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Britain's Johnson faces calls to apologise for India massacre
British Prime Minister Boris Johnson faces calls to apologise for a colonial-era massacre when he visits the Indian state of Gujarat Thursday, 100 years after as many as 1,200 people were killed protesting against imperial rule.
Last month saw the centenary of the Pal-Dadhvav massacre, when Indian historians say around 2,000 tribal people led by social reformer Motilal Tejawat gathered to protest against exploitation, forced labour and high taxes.
According to the Gujarat state government, British Major HG Sutton ordered his troops to open fire.
"Like a battlefield, the entire area was filled with corpses," it said. Two wells, it added, were "overflowing with bodies".
The state's official float at this year's annual Republic Day parade depicted the killings as the "untold story of bravery and sacrifice of the tribals", it said in a statement that put the death toll at 1,200.
Johnson -- who has been assailed by controversy over Downing Street parties during the coronavirus pandemic -- lands in the state's largest city, Ahmedabad, on Thursday at the start of a two-day visit to India.
"It was the British rule at the time when these killings happened so, if the British PM is coming here, he must apologise," Tejawat's grandson Mahendra told AFP.
"My grandfather was only running a campaign for the poor, harmless and illiterate tribals," added the 77-year-old.
"He must express regret if he feels what happened to the defenceless tribals was wrong."
- 'Killer government' -
Portraits of Johnson lined the streets of New Delhi ahead of his visit.
But relations between Britain and India have long been coloured by the legacies of colonial rule -- when London saw the world's second-most populous nation as the jewel in the crown of its empire but hundreds of millions of Indians chafed under its authority.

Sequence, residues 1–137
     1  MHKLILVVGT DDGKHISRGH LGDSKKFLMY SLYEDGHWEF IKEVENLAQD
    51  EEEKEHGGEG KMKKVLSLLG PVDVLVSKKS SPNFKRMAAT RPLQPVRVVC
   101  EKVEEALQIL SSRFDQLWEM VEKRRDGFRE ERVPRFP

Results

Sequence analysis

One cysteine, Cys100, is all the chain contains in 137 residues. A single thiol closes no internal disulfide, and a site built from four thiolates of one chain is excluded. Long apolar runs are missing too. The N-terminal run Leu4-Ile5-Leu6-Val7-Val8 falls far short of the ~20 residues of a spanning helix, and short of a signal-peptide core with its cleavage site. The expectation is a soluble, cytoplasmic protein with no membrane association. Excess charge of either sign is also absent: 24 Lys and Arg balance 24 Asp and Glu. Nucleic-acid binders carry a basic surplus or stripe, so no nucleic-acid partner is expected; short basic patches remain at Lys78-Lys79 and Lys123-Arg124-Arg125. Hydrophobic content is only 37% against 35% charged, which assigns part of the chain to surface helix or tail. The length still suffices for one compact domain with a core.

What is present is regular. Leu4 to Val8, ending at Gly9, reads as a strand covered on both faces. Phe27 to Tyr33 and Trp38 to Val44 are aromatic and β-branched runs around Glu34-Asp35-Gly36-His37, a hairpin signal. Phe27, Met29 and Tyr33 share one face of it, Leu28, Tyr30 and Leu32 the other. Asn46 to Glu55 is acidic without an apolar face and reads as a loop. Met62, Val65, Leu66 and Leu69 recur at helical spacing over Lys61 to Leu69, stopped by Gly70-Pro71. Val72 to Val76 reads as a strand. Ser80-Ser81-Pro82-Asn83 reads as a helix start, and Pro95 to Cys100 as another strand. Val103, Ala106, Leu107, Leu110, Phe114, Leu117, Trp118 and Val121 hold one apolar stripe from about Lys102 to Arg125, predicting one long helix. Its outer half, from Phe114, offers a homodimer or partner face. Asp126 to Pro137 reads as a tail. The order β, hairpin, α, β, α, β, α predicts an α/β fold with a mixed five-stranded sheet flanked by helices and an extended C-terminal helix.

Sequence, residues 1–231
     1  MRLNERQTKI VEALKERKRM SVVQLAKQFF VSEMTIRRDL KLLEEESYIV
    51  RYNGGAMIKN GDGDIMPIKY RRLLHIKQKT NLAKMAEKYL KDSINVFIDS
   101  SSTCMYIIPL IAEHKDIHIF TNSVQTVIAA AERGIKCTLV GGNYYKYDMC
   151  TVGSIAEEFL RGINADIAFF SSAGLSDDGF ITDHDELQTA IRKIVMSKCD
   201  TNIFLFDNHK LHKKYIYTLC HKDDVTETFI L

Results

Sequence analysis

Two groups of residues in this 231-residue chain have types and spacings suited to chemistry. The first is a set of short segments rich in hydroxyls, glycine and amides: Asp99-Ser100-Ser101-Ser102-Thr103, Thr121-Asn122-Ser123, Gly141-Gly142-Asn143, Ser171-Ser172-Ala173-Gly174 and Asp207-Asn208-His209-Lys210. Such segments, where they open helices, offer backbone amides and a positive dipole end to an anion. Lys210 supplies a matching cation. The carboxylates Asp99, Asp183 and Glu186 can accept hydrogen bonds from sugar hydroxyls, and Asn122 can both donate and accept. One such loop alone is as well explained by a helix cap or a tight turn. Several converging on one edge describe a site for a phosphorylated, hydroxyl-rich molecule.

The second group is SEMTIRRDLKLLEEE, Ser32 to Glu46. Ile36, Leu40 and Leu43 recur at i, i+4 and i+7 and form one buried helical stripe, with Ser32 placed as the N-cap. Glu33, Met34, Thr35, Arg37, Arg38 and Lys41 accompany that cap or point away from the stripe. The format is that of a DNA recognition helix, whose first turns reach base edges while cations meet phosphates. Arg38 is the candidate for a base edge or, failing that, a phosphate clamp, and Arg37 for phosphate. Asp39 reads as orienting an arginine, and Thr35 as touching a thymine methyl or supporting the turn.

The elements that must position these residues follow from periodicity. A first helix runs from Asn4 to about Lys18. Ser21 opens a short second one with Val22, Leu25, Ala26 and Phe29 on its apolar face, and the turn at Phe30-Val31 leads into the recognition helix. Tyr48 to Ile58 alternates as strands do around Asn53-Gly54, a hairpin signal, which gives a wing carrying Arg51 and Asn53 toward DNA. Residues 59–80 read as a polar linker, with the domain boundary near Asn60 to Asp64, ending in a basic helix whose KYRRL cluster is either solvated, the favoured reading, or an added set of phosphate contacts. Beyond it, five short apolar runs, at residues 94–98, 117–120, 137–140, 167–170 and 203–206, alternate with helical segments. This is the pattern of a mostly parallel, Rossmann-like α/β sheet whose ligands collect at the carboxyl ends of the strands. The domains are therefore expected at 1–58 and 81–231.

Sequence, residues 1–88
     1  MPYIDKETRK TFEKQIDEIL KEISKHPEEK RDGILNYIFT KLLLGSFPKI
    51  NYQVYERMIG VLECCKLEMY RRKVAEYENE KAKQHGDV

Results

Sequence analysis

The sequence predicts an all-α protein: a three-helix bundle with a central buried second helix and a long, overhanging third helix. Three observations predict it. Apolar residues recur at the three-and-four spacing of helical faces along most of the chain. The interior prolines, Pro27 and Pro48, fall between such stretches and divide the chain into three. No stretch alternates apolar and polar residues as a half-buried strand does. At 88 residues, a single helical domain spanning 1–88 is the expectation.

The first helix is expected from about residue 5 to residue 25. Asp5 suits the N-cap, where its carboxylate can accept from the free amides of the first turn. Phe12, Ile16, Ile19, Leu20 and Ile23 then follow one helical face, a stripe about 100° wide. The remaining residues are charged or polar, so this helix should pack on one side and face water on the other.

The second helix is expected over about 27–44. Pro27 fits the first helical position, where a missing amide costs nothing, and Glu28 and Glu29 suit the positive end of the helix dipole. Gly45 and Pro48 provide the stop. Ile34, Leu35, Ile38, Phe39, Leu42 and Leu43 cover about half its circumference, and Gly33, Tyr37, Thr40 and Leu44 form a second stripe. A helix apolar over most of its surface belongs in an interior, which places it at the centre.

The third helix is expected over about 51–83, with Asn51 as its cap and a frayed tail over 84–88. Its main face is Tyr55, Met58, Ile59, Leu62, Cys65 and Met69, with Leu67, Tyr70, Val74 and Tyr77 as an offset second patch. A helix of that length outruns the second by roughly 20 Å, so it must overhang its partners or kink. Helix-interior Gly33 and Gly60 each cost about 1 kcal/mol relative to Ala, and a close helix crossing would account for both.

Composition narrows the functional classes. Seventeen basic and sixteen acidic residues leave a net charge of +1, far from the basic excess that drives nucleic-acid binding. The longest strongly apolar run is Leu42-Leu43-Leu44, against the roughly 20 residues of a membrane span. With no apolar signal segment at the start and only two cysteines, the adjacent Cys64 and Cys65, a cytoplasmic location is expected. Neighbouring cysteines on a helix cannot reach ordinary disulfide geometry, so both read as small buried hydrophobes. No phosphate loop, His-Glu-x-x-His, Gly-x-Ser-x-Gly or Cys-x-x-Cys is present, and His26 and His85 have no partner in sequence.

The Hindu nationalist government of Johnson's host, Prime Minister Narendra Modi, regularly emphasises the independence struggle as a vital component of India's national identity.
It has built giant statues of key independence leaders, and created a museum to one of them in Delhi's world heritage-listed Red Fort.
Modi is himself a former chief minister of Gujarat, under whose tenure a memorial was built to the massacre victims.
But Arun Vaghela, head of Gujarat University's history department, has little expectation the British prime minister would address the issue.
He has carried out field research at the site and said even 20 years ago residents were still finding old bullets lodged in trees and skeletons in deep wells, into which people had jumped to try and escape.
"The British records only show 40 to 50 deaths -- but when does any killer government, British or otherwise, ever truly reveal and acknowledge the number of people it has killed?"
Media reports say some of the protesters were armed and may have fired first, and that British authorities put the number of dead at 22.
According to Vaghela's figures, the toll is greater than the far better known Jallianwala Bagh massacre in Amritsar in 1919, when between 379 and 1,000 people were killed, which overshadowed a state visit by the Queen and Duke of Edinburgh to India in 1997.
But the Gujarat incident barely figures in India's independence narrative, and the victims' tribal status may have condemned them to a historical footnote.
Tribal people are outside Hinduism's caste system and many are still deeply poverty-stricken, living on the margins of society.
"Tribals are at the bottom of Indian social pyramid," said Vaghela. "Had something like that happened anywhere else, it would have been highlighted by the mainstream press and politicians for a long time."
And for some, the time has come to move on.
Veteran journalist Vishnu Pandya, author of a Gujarati-language book on revolutionary places in the state, has collected many oral accounts of the killings from the tribal community, where he says the incident is detailed in multiple folk songs.
"The British PM who is coming here wasn't even born at the time and he wouldn't know anything about the incident," he said.
"What is done is done, it's history and we need to look ahead."